Is It Possible to Breathe Too Much

by | Jul 2, 2024 | Health and Medical

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Often, in times of crisis, someone will say to “take a deep breath,” and often states of exhilaration are described in terms of being “unable to catch one’s breath.” The need to inhale seems to be preferred in our conscious deliberations on the natural act of oxygen exchange.

Perhaps one of the reasons for this is that we know intellectually that oxygen is carried by the blood to every cell in one’s body, and that each cell processes it in order to constitute the tissues, organs, and systems that we need in order to continue life. The basic idea is oxygen in, carbon dioxide out – and the more of the former we can get the better.

This is not necessarily the case, however. It is possible to breathe too much, or hyperventilate, and we may not even know when we are doing it! If we do breathe in too much, it can show up in a variety of symptoms – from asthma and adenoids to sleep apnea and migraine headaches. People who suffer from such conditions try all kinds of various methods to address the symptoms, but are not aware that hyperventilation treatment may be all they need.

When we inhale oxygen, we do exhale carbon dioxide, but not all of it. Some of it remains within the cells of our tissues in order to regulate the oxygen PH levels. This is called the “Bohr effect.” When we breathe too much, or hyperventilate, the levels of carbon dioxide in our cells are thrown off by an influx of oxygen, which makes it more difficult for the oxygen that is in our hemoglobin to be appropriately processed and used by our cells.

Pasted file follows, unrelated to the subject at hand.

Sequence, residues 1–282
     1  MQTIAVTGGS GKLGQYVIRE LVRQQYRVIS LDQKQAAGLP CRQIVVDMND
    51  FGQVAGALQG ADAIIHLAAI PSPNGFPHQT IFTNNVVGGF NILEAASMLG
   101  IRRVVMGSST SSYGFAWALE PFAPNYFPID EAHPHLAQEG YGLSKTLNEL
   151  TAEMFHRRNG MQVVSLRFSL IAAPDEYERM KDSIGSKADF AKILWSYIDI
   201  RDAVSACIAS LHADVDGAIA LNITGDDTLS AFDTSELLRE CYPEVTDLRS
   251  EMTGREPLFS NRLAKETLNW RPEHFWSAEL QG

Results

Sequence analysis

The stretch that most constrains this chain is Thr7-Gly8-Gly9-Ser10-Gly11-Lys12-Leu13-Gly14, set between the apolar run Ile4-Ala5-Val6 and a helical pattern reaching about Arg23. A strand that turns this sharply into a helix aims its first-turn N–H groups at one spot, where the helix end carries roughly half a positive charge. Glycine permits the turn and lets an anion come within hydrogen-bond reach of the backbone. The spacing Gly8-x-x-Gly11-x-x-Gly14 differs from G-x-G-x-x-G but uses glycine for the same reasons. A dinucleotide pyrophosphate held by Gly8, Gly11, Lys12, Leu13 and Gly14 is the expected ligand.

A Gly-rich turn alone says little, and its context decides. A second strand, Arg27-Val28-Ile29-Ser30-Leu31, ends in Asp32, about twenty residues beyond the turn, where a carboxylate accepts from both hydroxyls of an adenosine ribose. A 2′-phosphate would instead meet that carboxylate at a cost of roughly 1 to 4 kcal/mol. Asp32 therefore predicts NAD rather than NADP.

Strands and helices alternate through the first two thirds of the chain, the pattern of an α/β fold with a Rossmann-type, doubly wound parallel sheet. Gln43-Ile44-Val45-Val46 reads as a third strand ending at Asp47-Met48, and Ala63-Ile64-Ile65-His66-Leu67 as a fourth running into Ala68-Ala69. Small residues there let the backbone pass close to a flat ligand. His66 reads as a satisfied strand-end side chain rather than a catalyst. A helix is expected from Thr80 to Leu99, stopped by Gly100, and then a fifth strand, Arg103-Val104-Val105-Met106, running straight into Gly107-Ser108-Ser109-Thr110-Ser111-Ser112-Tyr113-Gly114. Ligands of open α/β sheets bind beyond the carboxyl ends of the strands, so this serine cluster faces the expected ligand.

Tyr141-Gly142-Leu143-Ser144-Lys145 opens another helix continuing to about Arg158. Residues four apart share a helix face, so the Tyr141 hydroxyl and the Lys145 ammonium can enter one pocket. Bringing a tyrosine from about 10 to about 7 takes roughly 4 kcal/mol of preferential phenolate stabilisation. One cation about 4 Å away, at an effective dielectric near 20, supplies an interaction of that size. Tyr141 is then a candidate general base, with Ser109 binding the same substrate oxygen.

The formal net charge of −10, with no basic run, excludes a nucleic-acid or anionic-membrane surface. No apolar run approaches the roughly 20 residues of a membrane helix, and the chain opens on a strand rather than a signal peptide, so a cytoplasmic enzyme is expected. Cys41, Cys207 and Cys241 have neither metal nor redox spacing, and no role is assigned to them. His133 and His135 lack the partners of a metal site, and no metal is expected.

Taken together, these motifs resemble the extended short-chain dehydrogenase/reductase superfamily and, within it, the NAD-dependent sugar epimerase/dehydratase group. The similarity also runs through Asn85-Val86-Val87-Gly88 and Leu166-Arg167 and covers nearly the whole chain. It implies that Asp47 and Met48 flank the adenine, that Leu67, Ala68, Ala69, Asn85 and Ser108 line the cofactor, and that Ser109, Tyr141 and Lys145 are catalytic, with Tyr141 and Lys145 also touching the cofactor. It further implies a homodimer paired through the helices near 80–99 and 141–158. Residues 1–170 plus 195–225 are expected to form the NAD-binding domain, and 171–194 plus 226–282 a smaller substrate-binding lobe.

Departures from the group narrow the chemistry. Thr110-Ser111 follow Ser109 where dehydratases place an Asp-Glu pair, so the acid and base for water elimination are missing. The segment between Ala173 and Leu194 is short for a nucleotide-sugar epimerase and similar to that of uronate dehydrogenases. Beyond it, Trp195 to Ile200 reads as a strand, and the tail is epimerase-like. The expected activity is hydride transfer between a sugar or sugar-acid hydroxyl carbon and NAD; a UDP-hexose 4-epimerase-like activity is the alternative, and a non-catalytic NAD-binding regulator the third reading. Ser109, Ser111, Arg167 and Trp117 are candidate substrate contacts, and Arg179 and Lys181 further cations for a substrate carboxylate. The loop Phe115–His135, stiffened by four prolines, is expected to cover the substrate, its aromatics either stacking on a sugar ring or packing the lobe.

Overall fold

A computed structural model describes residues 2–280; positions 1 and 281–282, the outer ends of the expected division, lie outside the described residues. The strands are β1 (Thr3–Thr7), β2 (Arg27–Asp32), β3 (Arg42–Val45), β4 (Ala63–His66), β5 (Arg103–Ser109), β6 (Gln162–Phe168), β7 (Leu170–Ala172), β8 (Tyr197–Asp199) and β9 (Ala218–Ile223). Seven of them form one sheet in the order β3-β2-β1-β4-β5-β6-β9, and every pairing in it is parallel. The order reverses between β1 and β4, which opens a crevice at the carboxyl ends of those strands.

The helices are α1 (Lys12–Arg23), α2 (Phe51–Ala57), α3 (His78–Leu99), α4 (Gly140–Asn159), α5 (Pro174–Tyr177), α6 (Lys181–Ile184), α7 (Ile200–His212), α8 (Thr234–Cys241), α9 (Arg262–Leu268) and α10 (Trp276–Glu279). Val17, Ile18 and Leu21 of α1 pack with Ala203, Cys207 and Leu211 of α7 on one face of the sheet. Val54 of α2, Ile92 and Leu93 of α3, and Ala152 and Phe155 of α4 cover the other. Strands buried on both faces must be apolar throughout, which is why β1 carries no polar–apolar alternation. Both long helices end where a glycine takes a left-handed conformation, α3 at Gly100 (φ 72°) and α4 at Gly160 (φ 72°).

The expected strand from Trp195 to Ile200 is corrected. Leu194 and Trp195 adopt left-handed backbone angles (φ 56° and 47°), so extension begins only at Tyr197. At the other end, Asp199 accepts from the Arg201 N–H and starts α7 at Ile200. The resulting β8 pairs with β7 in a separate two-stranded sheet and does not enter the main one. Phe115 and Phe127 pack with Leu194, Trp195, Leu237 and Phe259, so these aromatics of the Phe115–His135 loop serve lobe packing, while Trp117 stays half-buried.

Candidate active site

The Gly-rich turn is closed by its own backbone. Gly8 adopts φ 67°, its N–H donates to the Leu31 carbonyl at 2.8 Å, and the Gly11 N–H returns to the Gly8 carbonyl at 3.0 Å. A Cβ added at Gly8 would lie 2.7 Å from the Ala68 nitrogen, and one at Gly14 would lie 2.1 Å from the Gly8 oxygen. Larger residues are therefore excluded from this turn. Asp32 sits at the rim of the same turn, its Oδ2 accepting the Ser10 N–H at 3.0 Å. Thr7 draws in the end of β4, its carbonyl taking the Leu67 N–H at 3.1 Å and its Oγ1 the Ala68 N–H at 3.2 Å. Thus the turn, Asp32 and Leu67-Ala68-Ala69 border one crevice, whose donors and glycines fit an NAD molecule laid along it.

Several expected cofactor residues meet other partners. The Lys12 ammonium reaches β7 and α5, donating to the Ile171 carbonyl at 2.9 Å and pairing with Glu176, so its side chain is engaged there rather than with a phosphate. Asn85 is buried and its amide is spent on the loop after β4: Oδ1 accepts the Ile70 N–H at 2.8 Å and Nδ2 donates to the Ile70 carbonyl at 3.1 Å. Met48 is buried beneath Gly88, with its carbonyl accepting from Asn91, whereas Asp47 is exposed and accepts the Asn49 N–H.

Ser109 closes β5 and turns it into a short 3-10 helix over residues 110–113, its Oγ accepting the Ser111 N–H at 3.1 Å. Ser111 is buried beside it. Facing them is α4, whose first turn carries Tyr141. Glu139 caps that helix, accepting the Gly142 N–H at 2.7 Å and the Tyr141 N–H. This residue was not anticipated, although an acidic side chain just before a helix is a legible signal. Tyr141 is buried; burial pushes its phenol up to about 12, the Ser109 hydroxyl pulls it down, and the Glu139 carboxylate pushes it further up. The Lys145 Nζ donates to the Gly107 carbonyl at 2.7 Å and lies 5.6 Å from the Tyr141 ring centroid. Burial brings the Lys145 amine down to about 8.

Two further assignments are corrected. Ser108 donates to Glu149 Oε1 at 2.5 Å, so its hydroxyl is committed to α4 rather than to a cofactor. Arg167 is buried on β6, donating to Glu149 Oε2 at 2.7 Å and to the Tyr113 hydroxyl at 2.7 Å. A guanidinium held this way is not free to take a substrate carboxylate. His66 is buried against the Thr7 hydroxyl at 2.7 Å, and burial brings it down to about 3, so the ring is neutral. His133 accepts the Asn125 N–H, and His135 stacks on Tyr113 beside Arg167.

The situation deteriorates from there so that we cannot use the oxygen we have appropriately, but the body tries to compensate by taking in even more, which makes the situation even worse. Various pathologies result.

An appropriate hyperventilation treatment would embody learning specific methods for breathing that allows us to take in just enough oxygen to sustain homeostasis and normalized breathing, all of our organs and systems using the right amount of oxygen with the right levels of carbon dioxide regulating use.  Learning to breathe more slowly is a hyperventilation treatment that works for many people to alleviate symptoms such as asthma or adenoids.

Learning to breathe more easily is a hyperventilation treatment that must be taught as a discipline and not something we can usually just start doing on our own. It’s important to connect with a breathing normalization specialist who has experience in teaching relaxation and breathing techniques in order to normalize breathing, as well as to continue to consult with one’s doctor regarding any serious pathological symptoms and what might constitute the optimal treatment of them.